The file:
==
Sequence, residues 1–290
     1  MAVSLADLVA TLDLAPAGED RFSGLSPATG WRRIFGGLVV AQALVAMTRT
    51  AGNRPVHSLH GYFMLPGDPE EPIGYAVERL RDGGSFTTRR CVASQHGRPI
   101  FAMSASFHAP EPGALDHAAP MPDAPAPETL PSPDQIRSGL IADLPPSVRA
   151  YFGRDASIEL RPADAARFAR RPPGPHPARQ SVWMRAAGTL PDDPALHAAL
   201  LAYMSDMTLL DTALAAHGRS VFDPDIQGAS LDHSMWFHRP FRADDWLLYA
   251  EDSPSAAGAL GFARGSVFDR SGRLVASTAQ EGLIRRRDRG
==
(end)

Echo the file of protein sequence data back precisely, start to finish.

Sequence, residues 1–290
     1  MAVSLADLVA TLDLAPAGED RFSGLSPATG WRRIFGGLVV AQALVAMTRT
    51  AGNRPVHSLH GYFMLPGDPE EPIGYAVERL RDGGSFTTRR CVASQHGRPI
   101  FAMSASFHAP EPGALDHAAP MPDAPAPETL PSPDQIRSGL IADLPPSVRA
   151  YFGRDASIEL RPADAARFAR RPPGPHPARQ SVWMRAAGTL PDDPALHAAL
   201  LAYMSDMTLL DTALAAHGRS VFDPDIQGAS LDHSMWFHRP FRADDWLLYA
   251  EDSPSAAGAL GFARGSVFDR SGRLVASTAQ EGLIRRRDRG